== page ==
Capacities, Rights, and Essences: Part 3 – Essences

Photo by Marek Piwnicki on Unsplash

There are three common bases for moral reasoning that drive me crazy: capacities, rights, and essences. They bug me because they don’t, and can’t, work even though they dominate the popular discourse. They are different in most ways, but I believe their appeal is what they have in common. I will look at each one in turn before coming to their commonality.

What do BLM and the KKK have in common? How about Trans-activists and transphobes? Zionists and antisemites? Chauvinists and feminists? They all believe in some form of essentialism. It’s an incredibly pervasive viewpoint and I hate it. Many of the people who argue for essentialism probably don’t even realize that’s what they’re doing. I thought if I try to explain why I hate it so much, maybe we can work towards eliminating it.

This hatred goes back a while. I remember a conversation I had when the Rodney King trial was happening. The person I was talking to said to me, “It’s awful what the cops did to him. It’s not his fault he’s black.” I agreed with the first part, but I was so taken aback by the second that I didn’t know how to respond. It was the word fault, if you couldn’t guess. It implies that there’s something wrong with being black. After a bit, I ventured, “There’s nothing wrong with being black,” and she responded, “I know. You know what I mean. He didn’t choose it.” I’ve been dissatisfied with that conversation for the past thirty years. At the time, I knew something was wrong, but I couldn’t articulate it and I didn’t pursue it.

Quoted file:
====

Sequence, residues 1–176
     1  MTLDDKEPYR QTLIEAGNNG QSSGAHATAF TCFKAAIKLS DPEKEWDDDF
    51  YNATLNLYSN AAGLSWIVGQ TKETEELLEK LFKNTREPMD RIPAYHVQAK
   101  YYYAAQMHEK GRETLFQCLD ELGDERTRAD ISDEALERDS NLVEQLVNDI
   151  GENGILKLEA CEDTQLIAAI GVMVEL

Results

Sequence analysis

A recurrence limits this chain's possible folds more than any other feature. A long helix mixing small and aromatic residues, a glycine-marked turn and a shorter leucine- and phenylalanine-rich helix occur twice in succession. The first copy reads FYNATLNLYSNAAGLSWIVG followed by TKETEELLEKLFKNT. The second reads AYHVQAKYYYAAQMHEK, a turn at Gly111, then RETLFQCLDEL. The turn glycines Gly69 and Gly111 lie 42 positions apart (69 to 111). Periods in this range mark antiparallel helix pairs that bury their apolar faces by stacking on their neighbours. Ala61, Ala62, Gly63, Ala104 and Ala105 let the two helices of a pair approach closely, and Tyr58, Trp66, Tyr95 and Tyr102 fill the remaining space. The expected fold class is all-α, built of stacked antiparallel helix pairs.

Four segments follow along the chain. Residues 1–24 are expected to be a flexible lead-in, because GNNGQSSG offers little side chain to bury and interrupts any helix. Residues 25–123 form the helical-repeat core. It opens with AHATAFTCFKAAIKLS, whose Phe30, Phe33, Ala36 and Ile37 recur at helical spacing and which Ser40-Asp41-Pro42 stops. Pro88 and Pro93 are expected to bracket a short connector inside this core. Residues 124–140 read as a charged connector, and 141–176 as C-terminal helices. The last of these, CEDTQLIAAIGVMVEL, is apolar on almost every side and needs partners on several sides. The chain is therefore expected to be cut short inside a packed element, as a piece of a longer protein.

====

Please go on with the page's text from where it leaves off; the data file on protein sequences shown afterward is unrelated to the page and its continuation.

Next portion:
Now I realize that my interlocutor was engaging in a kind of essentialism. Her focus was on what Rodeny King was. She was missing the fact that it didn’t matter, on any level, that King didn’t choose what he was. The cops would have been just as wrong if he had chosen his skin color. No choice that he could have made would have justified that treatment. It’s frankly weird that his lack of choice in his features was brought up at all. And, intentional or not, this sentiment still implies that there is something wrong with being black.

One of the more common ways that essentialism rears its head is with the “Born This Way” slogan used by the LGBTQIA+ community. There are a few things that go through my head whenever I hear it. First, it’s obviously committing the appeal to nature fallacy. Just because something is natural has nothing to do with whether it is good or acceptable. Second is just kind of a general, “Who cares?” And third is that it’s sneaking in the idea of choice from my Rodney King discussion. LGBTQIA+ people shouldn’t be protesting that they don’t have a choice. They should be letting everyone know that there is absolutely nothing wrong being LBGTQIA+. It wouldn’t matter one bit if it were a completely free choice.

It is ironic the way marginalized groups and their oppressors engage in the same type of reasoning. Both say there is something essential about the group that sets them apart, makes them different. The difference between the advocate and the bigot is whether they think the difference is something to be celebrated or something to be condemned. I understand why the bigots choose these arguments. They don’t have any good arguments to use and appeals to nature can be rhetorically effective. I’m baffled why the good guys don’t do better.

I’m on the fence whether essences are even real. But, even if people have essences, they have nothing to do with any person’s moral worth. Since people like talking about pronouns, it might be easiest to think of it as confusing what and who. Morally speaking, it doesn’t matter what, it matters who. We should all remember that.

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